2001 年 44 巻 1 号 p. 1-24
This paper focuses on the concept and purpose of borders or frontiers in ancient Egypt from a geographical view.
Egypt is surrounded by desert on both sides of the Nile. The natural environment and isolated geographical location formed a natural barrier from foreign invasions, as well as providing very effective internal communications through the Nile.
The borders or frontiers of ancient Egypt were not consistent throughout history. They were not easily distinguishable by the lines of demarcation. Particularly away from the Nile, aecumene regions or ‘empty lands’ were geographically stretched out very wide.
The Definition of a border or frontier in ancient Egypt is diverse and sometimes contradictory. Historically they represent delineations of geographical, political, administrative, religious and cosmological order: aspects different from the modern borders or frontiers. Two terms which may be recognized as an expression of the borders and frontiers are in hieroglyphics: t3š expresses the actual geographical borders, and drw expresses the end of the cosmos, and frontiers far beyond the range of t3š.
When considering either the borders or frontiers of ancient Egypt from a functional point of view, at least five types can be considered: natural, administrative, political, religious, and ethnic borders or frontiers. Each had its own function and geographical range.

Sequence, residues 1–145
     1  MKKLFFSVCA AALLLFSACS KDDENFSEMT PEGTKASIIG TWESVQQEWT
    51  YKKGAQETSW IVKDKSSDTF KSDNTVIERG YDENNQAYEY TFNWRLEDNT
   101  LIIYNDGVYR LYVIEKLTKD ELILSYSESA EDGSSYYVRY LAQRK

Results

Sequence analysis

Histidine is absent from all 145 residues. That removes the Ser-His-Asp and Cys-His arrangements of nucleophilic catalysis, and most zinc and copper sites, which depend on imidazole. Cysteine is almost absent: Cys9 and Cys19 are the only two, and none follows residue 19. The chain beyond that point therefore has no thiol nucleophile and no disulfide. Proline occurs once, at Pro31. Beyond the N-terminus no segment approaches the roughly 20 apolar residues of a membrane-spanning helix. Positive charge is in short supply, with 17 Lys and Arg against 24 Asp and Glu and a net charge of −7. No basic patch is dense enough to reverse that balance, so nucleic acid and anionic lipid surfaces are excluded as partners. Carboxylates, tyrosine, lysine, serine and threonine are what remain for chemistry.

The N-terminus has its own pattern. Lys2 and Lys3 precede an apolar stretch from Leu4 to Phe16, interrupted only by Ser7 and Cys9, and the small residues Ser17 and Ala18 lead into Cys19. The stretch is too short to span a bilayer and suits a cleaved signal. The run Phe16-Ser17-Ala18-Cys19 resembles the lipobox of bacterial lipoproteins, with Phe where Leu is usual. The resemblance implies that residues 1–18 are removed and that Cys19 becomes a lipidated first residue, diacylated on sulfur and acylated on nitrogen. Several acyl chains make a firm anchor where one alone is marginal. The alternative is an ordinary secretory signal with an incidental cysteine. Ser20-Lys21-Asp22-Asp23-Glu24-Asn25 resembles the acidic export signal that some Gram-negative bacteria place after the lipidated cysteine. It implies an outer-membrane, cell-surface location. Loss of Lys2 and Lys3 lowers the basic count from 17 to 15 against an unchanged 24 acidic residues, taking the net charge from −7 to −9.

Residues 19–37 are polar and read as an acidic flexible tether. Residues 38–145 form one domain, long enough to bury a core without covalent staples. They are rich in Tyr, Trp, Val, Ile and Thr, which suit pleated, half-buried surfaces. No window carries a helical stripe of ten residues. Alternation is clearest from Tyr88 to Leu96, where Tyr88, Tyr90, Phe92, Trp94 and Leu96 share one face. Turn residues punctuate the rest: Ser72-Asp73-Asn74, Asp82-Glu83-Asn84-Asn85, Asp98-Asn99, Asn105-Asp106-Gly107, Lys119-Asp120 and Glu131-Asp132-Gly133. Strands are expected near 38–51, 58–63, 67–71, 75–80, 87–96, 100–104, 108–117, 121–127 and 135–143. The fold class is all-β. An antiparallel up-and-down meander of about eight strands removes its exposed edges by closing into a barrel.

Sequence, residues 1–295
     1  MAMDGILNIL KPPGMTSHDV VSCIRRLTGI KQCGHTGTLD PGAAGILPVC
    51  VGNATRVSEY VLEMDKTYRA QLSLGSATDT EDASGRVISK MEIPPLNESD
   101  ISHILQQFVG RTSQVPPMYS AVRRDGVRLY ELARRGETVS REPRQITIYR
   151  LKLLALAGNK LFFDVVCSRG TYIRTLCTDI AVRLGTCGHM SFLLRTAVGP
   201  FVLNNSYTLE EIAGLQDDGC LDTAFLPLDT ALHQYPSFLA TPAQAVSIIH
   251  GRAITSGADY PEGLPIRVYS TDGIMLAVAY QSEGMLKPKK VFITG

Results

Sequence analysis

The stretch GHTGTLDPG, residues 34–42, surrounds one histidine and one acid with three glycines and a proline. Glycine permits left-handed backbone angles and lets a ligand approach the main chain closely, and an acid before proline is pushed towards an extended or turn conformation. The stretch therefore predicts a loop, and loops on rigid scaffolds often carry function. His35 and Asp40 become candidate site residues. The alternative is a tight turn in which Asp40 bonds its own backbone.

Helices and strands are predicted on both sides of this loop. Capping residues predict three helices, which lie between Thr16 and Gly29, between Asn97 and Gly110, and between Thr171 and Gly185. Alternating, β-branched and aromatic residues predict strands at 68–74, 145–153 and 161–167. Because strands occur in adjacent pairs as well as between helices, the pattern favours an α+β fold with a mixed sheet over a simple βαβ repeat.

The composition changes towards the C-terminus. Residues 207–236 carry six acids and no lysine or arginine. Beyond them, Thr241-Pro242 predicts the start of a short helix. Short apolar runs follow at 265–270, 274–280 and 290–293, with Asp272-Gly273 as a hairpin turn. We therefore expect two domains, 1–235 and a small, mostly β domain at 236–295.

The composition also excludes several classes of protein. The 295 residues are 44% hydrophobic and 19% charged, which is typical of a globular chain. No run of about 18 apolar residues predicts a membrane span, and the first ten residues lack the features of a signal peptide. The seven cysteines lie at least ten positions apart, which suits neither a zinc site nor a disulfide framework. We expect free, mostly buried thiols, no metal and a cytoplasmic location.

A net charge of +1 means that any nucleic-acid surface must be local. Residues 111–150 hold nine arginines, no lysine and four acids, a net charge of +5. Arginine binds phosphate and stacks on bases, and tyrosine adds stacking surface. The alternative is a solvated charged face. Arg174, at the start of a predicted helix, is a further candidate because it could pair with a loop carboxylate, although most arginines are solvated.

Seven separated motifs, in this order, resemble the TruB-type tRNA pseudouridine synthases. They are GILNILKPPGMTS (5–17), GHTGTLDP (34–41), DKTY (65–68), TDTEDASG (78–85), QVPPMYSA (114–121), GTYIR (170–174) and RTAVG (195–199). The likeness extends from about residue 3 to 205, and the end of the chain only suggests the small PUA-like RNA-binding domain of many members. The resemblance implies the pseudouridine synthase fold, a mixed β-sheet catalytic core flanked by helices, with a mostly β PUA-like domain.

Natural borders were very stable geographically and geomorphologically only limited to the Nile Valley down to the First Cataract and the desert margins to the both sides of the Nile in the Delta regions. Administrative borders delineated by the margins of the frontier nomes were almost equal to the natural borders during the Dynastic era. The administrative borders extended much further than the natural borders at the Greco-Roman era by the establishment of new nomes outside of the traditional range of Egypt. Political borders, de facto limits of the state, were rather dynamic in its expansion, according to the foreign affairs. Guarding the borders from the foreign invaders and bedouins was recognized as one of the most important tasks for the pharaohs to undertake as lords of not only Upper and Lower Egypt, but also of foreign lands, beyond the borders of Egypt. Ethnic frontiers were not clearly distinguishable expect through their difference in faith, language and customs.
The activities of the agricultural production were not typically in the frontier regions. The temples, military parks, custom posts and fortresses were scattered and placed in strategic points in the frontier zones, near trading centers with the neighboring countries. Their location represented the geographical distance of the frontier as well as their position with respect to their neighbors.